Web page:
The Supreme Court has come down heavily on Bihar government for not implementing its 1977 notification that provided "promotional avenues" to secondary school teachers like other government employees.
"The attitude of the state government in this matter has caused unnecessary anxiety to a large number of teachers. The state government must realise that in a country where there is so much illiteracy and where there are a large number of first generation students, the role of the primary and secondary teachers is very important.
"They have to be treated honourably and given appropriate pay and chances of promotion. It is certainly not expected of the state government to drag them to the court in litigation for years altogether," a bench of justices Surinder Singh Nijjar and H L Gokhale said while allowing the plea of Bihar State Government Secondary School Teachers Association (BSGSSTA).
The teachers' body had moved the apex court seeking a direction to implement the 35-year-old notification which provided that their cadre be merged with grade-II officers of Bihar Education Service Association to provide "promotional avenues" to them also.
Justice Nijjar, writing the judgement, took strong exception to the fact that state government changed stands, delayed implementation of notification and pursued three rounds of litigations from high court to the Supreme Court.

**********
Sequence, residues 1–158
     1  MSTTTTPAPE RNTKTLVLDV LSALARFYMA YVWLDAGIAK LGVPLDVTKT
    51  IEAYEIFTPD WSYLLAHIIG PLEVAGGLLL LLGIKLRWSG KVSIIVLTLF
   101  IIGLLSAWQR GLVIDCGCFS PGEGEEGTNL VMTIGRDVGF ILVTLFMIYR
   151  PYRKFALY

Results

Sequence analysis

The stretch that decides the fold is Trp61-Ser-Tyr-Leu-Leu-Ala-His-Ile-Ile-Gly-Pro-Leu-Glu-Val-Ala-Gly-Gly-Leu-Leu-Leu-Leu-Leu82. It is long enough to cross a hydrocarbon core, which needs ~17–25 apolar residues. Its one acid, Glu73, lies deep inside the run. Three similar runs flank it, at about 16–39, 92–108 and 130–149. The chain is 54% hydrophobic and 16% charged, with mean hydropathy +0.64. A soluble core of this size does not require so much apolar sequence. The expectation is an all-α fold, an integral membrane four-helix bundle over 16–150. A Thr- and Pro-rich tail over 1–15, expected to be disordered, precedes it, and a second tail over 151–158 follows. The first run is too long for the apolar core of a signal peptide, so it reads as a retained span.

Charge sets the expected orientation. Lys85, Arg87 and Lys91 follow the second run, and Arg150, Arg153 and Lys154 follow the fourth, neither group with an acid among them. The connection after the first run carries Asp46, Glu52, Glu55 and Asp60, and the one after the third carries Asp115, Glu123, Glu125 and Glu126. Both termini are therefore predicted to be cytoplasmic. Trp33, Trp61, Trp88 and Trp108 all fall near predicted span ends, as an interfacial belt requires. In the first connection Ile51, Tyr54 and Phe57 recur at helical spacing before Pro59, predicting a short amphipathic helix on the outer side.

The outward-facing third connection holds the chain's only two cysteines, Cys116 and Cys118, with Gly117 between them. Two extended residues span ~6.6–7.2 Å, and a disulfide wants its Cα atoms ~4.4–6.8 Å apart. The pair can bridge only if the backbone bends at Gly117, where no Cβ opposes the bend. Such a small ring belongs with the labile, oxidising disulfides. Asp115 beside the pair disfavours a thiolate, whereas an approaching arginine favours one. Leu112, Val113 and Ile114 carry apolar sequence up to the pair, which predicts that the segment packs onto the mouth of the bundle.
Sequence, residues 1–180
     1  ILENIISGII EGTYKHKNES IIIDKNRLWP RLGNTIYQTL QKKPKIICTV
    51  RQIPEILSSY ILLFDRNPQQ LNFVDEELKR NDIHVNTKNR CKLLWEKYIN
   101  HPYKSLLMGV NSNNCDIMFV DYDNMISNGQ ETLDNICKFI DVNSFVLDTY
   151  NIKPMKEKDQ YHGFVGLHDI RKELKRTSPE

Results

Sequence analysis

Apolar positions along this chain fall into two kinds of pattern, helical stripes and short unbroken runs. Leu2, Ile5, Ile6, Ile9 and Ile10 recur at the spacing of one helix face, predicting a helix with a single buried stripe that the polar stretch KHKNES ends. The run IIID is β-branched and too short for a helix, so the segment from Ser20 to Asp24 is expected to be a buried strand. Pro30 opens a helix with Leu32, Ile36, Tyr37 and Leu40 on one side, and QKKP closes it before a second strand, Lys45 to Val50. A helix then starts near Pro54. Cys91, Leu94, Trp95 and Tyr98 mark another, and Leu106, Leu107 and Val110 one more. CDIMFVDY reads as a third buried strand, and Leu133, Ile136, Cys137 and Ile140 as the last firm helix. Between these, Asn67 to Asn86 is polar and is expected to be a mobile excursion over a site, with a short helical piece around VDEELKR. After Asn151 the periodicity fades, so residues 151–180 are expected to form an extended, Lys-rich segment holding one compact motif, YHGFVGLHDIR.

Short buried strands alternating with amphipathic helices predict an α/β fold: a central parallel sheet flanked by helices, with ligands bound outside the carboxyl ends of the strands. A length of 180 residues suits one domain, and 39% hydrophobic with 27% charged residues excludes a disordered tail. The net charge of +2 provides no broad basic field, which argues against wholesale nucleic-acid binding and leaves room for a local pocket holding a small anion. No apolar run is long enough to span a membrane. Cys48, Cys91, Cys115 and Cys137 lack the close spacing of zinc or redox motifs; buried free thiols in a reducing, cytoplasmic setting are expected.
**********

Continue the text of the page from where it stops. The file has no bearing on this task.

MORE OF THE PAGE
The court also expressed its displeasure over the fact that a single judge and the division bench of the Patna High Court heard the matter afresh in third round of litigation, when it had already been decided by the Supreme Court.
"We do not expect such an approach from the state government and least from the high court," it said.
The apex court also ticked off the Patna High Court for ignoring the fact that the apex court had already heard and decided the matter.
"The hierarchy of the courts requires the high courts also to accept the decision of this Court, and its interpretation of the orders issued by the executive. Any departure therefrom will lead only to indiscipline and anarchy," the bench said, in its 42-page judgement.
"The high courts cannot ignore Article 141 of the Constitution which clearly states